Preliminary analysis of InSAR data over Trondheim with respect to future road development.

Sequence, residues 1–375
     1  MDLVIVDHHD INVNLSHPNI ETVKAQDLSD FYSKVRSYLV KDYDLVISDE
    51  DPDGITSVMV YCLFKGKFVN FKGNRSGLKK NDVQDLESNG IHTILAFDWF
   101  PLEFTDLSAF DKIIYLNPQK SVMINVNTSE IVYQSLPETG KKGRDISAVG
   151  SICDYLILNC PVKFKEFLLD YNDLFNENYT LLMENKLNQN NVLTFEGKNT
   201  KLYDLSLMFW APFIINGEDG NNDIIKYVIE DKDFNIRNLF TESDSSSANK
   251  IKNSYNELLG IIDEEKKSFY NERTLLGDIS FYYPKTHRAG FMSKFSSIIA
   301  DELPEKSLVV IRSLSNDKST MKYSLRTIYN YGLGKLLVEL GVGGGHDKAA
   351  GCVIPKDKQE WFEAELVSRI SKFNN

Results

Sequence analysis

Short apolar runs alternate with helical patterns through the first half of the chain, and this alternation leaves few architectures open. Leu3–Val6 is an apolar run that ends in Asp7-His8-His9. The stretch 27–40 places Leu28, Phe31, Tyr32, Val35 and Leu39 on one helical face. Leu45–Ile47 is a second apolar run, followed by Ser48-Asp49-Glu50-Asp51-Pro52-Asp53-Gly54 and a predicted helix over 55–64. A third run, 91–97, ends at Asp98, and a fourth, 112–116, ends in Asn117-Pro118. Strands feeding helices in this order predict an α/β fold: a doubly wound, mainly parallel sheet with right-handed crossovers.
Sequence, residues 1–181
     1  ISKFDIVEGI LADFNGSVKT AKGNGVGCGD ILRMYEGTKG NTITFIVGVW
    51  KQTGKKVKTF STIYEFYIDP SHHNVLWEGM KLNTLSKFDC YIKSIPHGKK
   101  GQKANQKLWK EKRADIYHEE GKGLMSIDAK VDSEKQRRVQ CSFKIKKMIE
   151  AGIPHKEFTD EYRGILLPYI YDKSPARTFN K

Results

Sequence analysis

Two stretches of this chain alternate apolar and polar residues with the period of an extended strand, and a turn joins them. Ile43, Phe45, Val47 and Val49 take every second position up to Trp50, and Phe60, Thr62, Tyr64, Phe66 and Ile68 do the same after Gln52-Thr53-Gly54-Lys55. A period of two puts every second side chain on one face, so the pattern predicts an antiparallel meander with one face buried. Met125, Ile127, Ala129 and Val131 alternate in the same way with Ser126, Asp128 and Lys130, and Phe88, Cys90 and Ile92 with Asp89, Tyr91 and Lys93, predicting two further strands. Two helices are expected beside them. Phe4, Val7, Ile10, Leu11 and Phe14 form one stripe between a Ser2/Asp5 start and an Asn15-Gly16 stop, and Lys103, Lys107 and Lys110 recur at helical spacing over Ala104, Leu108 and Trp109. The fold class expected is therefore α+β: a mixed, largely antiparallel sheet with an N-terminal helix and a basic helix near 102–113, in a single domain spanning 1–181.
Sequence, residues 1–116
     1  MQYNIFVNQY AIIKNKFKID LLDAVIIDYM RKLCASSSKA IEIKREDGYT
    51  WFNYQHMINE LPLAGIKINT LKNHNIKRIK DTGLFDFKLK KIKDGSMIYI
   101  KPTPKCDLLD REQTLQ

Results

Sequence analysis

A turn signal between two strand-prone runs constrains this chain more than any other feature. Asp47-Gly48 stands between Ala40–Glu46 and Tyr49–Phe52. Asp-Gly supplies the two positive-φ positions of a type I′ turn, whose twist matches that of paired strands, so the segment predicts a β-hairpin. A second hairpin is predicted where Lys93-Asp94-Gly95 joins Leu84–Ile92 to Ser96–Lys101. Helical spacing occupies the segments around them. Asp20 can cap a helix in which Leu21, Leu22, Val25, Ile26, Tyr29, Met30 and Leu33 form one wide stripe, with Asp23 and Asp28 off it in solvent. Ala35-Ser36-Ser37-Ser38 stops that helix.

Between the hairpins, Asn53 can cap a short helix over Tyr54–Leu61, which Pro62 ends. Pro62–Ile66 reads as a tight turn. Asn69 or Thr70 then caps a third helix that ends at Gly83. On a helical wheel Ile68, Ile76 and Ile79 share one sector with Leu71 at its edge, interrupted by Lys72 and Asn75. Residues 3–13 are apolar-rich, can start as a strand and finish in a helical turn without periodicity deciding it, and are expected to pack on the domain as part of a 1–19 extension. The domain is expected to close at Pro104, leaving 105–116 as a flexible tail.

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Frie emneord: Urban geology ; Subsidence ; Interferometry Timely identification of subsidence is important in order to ensure that remediation efforts are successful. Even if subsidence cannot be prevented or stopped, it must be accounted for in new construction planning. Identification and monitoring of ground deformation can be accomplished using a number of surveying techniques. Levelling and GPS are both expensive and the number of benchmarks that can be controlled is limited. Since the early 1990's satellite-based radar interferometry has been used to identify large ground movements due to earthquakes and volcanic activity. Data stacking methods that take advantage of a growing archive of radar images, as well as increasing computing power, have led to a large increase in the precision of the technique. Both linear trends and seasonal fluctuations can be identified using the Permanent Scatterers technique. In the current project, standard processing was performed on two independent series of radar images covering the Trondheim region. By processing two sets of images, we obtained two independent datasets that could be compared at a regional and local scale. The pattern of subsidence is identical where the datasets overlap. It is proposed that a more detailed processing be carried out over a smaller area of interes. This will result in an increased data density as well as more accurate velocity field. Future monitoring will be possible with the use of images from the Radarset 1 and 2 satellites.